[Humanist] 24.95 Canadian grants; British job

Humanist Discussion Group willard.mccarty at mccarty.org.uk
Tue Jun 8 10:59:26 CEST 2010

                  Humanist Discussion Group, Vol. 24, No. 95.
         Centre for Computing in the Humanities, King's College London
                Submit to: humanist at lists.digitalhumanities.org

  [1]   From:    Simon Mahony <simon.mahony at KCL.AC.UK>                     (53)
        Subject: Job opportunity at the Petrie Museum London.

  [2]   From:    Ray Siemens <siemens at uvic.ca>                             (15)
        Subject: SSHRC announcement: Knowledge Synthesis Grants on the
                Digital Economy

        Date: Sun, 6 Jun 2010 10:04:57 +0100
        From: Simon Mahony <simon.mahony at KCL.AC.UK>
        Subject: Job opportunity at the Petrie Museum London.

Job opportunity at the Petrie Museum: tinyurl.com/27lhsfa

Research Associate - Networked 3D Design Application for Museums, - 

UCL Department / Division, Museums and Collections,
Specific unit / Sub department
The Petrie Museum
Grade 7
Hours:Full Time
Salary: (inclusive of London allowance) £31,778-£38,441 per annum

Duties and Responsibilities
The Petrie Museum is a leader in the area of web access. It was one of 
the first museums to make its entire catalogue accessible online and is 
currently involved in a number of projects aimed at supplementing its 
catalogue with 3D content. The Museum has received funding to create an 
online 3D interactive museum where multiple users can work together from 
remote locations to create museum displays and exhibitions. The Research 
Associate will be responsible for creating a 3D interactive application 
that will allow users to construct display spaces, organise images of 
objects from the Petrie collection into these spaces and prepare 
accompanying interpretative labels. The objective of this project is to 
have a pilot of the 3D interactive museum ready for evaluation by March 
2011. The post is full time for 9 months in the first instance, start 
date July 2010.

Key Requirements
A good first degree or post-graduate qualification in computer science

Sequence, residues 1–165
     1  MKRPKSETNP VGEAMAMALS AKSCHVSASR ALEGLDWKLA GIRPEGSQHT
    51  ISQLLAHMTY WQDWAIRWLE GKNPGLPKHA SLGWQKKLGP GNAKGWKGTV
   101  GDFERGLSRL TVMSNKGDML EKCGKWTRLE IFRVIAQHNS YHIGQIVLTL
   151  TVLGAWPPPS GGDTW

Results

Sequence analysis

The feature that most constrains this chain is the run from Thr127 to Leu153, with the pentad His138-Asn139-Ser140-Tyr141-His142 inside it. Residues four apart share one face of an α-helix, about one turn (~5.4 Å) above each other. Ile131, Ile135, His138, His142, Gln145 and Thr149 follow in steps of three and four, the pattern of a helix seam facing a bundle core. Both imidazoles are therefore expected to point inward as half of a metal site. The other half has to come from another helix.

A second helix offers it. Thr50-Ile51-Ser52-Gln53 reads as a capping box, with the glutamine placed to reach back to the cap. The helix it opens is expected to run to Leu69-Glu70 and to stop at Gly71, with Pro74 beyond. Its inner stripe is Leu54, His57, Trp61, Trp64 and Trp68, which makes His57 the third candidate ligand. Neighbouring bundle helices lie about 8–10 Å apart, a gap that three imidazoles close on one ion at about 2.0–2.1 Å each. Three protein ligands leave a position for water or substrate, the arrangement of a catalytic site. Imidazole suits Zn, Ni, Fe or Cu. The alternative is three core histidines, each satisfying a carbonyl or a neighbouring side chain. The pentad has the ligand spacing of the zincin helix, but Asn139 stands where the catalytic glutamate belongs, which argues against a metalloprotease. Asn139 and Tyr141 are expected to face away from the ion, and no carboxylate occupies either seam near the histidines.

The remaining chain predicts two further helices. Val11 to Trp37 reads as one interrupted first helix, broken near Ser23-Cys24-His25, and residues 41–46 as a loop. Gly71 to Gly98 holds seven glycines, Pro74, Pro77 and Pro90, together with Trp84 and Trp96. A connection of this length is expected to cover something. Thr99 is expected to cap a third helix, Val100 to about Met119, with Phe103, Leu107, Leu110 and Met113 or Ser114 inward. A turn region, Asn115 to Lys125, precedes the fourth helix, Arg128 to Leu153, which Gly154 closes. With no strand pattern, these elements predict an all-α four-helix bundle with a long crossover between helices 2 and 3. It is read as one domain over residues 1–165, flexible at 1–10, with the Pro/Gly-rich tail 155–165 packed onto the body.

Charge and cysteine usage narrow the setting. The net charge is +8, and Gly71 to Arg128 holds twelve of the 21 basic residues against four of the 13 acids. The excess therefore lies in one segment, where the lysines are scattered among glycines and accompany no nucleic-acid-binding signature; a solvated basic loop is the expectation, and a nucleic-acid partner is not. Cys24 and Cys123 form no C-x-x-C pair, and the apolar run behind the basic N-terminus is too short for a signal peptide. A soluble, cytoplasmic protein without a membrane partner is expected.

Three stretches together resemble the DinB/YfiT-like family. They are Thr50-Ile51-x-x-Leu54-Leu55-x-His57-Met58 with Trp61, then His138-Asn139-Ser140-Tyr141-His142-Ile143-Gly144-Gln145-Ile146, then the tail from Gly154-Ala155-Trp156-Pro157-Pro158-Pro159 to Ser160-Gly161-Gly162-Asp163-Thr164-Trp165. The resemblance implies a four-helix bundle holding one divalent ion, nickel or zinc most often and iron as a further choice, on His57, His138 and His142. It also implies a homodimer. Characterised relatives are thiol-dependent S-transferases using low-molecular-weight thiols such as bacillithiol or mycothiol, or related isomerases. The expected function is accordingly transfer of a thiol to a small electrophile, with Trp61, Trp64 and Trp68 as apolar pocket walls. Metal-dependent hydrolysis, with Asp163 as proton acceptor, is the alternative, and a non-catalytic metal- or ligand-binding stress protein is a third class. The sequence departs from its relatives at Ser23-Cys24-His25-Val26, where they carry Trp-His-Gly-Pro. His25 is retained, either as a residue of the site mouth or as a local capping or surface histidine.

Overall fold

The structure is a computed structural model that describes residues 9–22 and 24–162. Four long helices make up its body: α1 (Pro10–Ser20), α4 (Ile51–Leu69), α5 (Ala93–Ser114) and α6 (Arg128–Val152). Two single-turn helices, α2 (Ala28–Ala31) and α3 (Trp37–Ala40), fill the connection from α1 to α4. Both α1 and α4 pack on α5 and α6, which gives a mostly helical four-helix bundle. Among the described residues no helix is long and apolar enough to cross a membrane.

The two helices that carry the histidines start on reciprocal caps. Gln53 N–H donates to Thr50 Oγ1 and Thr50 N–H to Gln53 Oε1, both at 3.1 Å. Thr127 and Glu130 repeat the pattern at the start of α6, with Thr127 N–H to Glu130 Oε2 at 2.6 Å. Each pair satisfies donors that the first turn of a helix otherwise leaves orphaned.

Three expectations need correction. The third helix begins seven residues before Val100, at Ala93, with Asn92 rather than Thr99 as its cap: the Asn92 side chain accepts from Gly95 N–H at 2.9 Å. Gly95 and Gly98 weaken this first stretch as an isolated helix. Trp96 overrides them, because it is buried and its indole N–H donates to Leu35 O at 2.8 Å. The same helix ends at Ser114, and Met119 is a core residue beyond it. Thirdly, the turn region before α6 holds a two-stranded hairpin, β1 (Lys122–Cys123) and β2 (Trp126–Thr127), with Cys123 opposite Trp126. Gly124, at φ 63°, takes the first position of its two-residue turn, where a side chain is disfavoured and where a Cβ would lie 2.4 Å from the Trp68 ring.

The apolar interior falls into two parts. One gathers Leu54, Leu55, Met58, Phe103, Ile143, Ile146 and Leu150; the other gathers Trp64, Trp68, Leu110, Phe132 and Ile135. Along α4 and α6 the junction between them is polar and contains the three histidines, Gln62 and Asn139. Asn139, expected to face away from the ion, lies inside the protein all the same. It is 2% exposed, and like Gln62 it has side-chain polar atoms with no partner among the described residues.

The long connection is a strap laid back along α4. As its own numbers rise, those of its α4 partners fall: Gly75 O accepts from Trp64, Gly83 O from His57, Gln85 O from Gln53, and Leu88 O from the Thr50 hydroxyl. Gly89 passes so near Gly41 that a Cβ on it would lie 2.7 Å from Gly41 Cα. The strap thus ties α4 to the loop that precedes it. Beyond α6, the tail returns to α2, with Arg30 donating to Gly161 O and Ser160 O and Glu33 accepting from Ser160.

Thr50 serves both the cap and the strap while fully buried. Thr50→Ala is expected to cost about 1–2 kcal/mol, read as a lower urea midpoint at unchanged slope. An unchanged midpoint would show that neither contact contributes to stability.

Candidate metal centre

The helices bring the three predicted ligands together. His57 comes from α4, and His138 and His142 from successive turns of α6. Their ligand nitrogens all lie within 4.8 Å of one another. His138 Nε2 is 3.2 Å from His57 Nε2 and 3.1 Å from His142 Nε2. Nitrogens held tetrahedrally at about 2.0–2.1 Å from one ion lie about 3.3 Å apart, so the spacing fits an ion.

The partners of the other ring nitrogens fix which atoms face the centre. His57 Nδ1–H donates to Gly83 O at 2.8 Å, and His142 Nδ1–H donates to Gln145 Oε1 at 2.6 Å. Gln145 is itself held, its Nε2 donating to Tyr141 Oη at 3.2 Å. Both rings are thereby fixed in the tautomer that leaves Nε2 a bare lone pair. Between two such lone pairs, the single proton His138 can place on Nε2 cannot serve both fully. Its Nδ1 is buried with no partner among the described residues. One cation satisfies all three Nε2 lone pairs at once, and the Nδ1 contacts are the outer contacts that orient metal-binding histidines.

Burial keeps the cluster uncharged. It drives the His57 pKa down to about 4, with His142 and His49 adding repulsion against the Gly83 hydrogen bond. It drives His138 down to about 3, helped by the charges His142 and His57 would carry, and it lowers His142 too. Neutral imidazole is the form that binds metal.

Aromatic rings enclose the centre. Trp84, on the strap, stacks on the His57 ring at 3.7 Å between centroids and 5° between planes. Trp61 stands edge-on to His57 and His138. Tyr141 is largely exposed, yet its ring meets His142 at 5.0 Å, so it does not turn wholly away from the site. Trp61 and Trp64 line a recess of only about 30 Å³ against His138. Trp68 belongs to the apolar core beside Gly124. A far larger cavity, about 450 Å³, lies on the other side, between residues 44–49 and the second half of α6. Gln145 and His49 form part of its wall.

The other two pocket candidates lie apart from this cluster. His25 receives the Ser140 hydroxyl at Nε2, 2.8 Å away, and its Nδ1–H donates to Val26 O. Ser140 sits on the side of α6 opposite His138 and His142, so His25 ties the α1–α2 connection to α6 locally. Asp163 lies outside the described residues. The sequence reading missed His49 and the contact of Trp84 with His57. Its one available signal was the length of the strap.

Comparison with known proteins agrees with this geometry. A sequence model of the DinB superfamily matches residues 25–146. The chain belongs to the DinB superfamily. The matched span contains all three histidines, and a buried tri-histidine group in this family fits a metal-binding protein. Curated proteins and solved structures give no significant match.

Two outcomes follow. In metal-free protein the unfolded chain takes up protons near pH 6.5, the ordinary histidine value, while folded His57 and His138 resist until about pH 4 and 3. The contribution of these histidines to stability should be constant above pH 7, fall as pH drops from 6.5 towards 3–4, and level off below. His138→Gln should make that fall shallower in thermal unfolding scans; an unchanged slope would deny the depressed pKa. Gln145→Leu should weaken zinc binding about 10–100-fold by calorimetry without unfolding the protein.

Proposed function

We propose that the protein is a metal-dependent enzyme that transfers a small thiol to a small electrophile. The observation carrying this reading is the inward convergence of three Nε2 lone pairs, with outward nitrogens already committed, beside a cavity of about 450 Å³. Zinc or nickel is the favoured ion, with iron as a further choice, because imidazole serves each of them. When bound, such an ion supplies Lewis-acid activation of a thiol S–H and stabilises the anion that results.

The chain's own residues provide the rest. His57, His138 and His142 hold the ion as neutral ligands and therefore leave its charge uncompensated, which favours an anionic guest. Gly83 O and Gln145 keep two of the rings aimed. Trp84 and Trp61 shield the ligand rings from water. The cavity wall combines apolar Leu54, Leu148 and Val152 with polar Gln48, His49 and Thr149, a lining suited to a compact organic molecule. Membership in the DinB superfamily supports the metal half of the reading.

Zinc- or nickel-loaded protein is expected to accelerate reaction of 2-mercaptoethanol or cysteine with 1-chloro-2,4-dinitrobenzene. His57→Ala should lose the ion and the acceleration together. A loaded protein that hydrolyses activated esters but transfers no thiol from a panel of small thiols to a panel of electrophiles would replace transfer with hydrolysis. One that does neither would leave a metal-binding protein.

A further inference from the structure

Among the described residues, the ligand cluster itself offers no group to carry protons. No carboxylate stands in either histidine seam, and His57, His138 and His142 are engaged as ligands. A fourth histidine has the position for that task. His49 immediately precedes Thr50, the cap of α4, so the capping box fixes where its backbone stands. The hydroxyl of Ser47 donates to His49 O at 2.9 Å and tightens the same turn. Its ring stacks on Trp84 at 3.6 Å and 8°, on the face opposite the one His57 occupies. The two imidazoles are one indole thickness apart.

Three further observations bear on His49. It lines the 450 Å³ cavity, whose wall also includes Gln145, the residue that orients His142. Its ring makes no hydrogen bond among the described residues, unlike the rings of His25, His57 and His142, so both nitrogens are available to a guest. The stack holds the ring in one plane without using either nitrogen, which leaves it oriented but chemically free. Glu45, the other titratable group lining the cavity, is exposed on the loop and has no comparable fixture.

is essential, as is knowledge of computer graphics techniques, web 
tecnologies and websites. The ability to develop software and to analyse 
and write up data is needed. Effective verbal and written communication 
skills are important, allowing the applicant to present complex 
information to a range of audiences. The applicant should excel at 
working to deadlines whilst having an eye for accuracy and detail. The 
applicant will ideally have experience of working in a research 
environment with graphics oriented programmes such as C++ and Open GL. 
They should have experience in deploying interactive 2D and 3D graphics 
on websites and in developing software requirements with customers. 
Finally, the applicant should be committed to high quality research, be 
able to work collabaratively and as part of a team in a research 
community, be confident working unsupervised, self motivated and able to 
use their initiative.

Further Details
A job description and person specification can be accessed at the bottom 
of this page. To apply for the vacancy please click on the ‘Apply Now’ 
button below. If you have any queries regarding the vacancy or the 
application process, please contact Lauren Sadler, l.sadler at ucl.ac.uk 
0207 679 2540.

Simon Mahony

Student Support Manager
Department of War Studies, e-Learning Programme
Room K7.05, 7th Floor, South Range
King's College London


        Date: Mon, 7 Jun 2010 20:02:57 +0100
        From: Ray Siemens <siemens at uvic.ca>
        Subject: SSHRC announcement: Knowledge Synthesis Grants on the Digital Economy

[FYI for non-Canadians; FYA (For Your Action) for Canadians. --WM]

Members of our community will be interested in the following....

Knowledge Synthesis Grants on the Digital Economy


Canada’s ability to succeed in the digital economy will be a key determinant of its success as a society in the 21st century. The digital triangle of technologies, content and literacies is now framing almost every activity in the private, public and not-for-profit sectors, and in society at large. The ability to connect virtually using digital technologies, to access relevant information and knowledge, and to use digital content effectively and appropriately, increasingly enables businesses, governments and institutions to innovate, boost their productivity and reach across Canada and around the world. In the emerging digital age, we are changing our approach to learning, to the nature of work, and to the ways in which services are delivered, citizens interact, access and share knowledge, and cultural goods are produced and exchanged.

The Government of Canada is holding a broad consultation to help develop a national digital economy strategy, as indicated in the Speech from the Throne. The consultation is based on a consultation paper, Improving Canada’s Digital Advantage: Strategies for Sustainable Prosperity<http://de-en.gc.ca/consultation-paper/>, that has been released jointly by the Minister of Industry, the Minister of Heritage and the Minister of Human Resources and Skills Development Canada.

From the public and private sectors to non-governmental organizations, academia and volunteer organizations, to students, consumers and citizens—we all have a vested interest in a dynamic and flourishing digital economy. A strong digital economy will be the backbone of Canada’s future prosperity and success. Consequently, we all have a role to play in shaping the future of this key part of our economy and our lives.